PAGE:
Part 8 is an instrumental that starts out with Kevin Moore playing a strange embryonic piano figure accompanied by staccato guitar riffs.  Quite suddenly, the piano theme opens up like a flower and the chunky riffs are replaced with an acoustic guitar plucking notes that weave and dance in-between Moore’s shining piano riff.  Practically an inversion of this piano/guitar motif, Part 9 opens with an acoustic guitar strumming rich chords reminiscent of Floyd’s 'Wish You Were Here'.  Delicate piano chords start to fill in the spaces before Alder comes in with a laid-back melody. 

Moving from part to part, it’s evident that Matheos uses all five band members to maximum effect, arranging and experimenting with an array of instrumental combinations in order to create variations in harmony, melody and counterpoint.  Speaking of counterpoint, drummer Mark Zonder proves himself a prog beast on this album, but it suffices to say that all the players shine here on APSoG.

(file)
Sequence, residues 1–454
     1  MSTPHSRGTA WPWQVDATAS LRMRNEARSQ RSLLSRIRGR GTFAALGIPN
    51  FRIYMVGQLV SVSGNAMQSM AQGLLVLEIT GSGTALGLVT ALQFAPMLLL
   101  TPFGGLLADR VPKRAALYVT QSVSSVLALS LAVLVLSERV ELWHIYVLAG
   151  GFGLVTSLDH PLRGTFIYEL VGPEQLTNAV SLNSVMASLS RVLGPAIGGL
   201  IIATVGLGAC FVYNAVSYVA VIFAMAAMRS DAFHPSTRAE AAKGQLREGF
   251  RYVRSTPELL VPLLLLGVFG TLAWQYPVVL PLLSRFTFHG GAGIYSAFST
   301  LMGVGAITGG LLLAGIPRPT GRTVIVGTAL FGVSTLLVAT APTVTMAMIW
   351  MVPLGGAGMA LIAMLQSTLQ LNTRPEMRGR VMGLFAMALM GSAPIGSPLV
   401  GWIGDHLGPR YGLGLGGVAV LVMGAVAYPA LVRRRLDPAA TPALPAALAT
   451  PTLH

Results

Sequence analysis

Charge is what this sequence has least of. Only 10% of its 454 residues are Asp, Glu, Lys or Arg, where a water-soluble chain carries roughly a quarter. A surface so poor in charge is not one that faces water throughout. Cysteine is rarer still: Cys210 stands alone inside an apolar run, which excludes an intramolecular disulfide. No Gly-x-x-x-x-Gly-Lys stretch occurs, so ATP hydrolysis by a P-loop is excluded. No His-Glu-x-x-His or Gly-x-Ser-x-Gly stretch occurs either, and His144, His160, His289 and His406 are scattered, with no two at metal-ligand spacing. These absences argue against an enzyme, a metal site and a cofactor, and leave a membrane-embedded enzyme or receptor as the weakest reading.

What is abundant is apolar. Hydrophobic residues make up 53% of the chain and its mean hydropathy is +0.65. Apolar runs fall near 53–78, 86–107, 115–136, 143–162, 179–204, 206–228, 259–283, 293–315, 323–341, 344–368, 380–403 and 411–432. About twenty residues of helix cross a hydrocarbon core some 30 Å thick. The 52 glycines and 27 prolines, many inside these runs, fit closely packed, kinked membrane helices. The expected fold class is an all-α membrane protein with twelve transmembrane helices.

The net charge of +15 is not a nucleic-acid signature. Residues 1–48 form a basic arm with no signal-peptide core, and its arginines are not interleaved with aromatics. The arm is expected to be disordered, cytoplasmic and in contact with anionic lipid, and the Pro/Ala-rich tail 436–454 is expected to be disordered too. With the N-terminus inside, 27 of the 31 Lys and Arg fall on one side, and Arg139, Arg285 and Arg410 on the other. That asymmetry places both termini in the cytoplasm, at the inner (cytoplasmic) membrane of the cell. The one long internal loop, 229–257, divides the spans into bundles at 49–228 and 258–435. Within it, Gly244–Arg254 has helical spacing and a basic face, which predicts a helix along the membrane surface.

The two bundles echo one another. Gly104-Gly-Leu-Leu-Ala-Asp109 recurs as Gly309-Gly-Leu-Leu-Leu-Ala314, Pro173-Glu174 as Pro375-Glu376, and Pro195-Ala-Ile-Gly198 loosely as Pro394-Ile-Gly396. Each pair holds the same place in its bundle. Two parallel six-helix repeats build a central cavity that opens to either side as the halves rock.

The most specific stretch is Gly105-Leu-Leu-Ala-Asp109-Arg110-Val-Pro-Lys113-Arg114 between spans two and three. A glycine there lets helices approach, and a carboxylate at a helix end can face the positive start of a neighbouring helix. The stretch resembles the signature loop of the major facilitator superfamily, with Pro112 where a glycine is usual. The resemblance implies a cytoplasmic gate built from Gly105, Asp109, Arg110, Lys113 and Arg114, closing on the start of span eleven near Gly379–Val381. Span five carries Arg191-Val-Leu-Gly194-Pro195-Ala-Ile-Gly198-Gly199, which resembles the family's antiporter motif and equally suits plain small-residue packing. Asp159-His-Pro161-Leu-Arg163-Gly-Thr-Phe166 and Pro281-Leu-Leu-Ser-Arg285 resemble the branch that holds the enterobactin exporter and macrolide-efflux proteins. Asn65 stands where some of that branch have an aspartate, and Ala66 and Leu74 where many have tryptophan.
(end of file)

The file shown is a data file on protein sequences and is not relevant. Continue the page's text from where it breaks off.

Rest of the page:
“So where do we begin and what else do we say?”  Well, in some ways APSoG surpasses contemporary concept albums with its pure, unadulterated musical premise.  There’s little doubt in my mind that it had an impact on bands like Riverside and their well-received Reality Dream trilogy of albums.  I’ve rated it 9.5 out of 10, nit-picking half a point for the anonymous nature of the album’s storyline and song-numbering convention.  In the end, that can’t take away from the musical brilliance of A Pleasant Shade of Gray, a bold experiment put forth by one of the elder gods of prog-metal.  If nothing else, this album proves that for Fates Warning, it really is “all about the music.”

Review inspired by DTF members Samsara and TAC
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Offline pogoowner

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Re: [Music] Fates Warning - A Pleasant Shade of Gray
« Reply #1 on: February 01, 2010, 09:50:24 AM »